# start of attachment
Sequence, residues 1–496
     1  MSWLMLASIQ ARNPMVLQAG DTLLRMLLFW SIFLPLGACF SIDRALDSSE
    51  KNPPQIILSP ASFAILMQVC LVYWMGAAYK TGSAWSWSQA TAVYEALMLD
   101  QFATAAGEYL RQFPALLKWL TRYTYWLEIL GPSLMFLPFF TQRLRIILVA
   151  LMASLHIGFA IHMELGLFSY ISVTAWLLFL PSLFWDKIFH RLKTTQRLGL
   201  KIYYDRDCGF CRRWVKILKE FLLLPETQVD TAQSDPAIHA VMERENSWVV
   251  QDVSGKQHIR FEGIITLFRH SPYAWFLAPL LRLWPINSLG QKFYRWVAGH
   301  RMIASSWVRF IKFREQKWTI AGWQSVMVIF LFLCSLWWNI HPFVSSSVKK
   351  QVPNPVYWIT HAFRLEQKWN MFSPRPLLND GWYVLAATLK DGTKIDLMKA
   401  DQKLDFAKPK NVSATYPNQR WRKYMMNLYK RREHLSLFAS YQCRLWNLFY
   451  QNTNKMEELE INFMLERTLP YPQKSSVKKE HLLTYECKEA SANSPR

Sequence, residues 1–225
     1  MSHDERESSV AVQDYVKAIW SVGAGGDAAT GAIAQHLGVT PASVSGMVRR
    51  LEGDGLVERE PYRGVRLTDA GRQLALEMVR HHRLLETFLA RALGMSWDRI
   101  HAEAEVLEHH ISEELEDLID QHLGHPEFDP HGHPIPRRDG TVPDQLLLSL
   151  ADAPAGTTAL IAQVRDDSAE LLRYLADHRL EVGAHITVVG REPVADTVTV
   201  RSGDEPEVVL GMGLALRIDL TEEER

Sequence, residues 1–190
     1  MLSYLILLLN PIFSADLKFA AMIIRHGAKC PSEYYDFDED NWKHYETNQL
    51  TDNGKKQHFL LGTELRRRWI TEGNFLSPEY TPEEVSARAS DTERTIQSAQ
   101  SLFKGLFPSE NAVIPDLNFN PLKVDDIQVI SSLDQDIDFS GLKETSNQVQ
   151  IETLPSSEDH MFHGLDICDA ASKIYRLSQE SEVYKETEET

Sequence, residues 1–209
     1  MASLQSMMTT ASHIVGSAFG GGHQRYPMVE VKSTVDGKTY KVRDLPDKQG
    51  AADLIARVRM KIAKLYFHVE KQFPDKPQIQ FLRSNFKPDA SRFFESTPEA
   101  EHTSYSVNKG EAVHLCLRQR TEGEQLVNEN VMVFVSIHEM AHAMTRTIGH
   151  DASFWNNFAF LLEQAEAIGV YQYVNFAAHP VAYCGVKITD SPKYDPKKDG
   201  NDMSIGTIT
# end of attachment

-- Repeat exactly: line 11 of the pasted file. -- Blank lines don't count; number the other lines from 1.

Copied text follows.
   451  QNTNKMEELE INFMLERTLP YPQKSSVKKE HLLTYECKEA SANSPR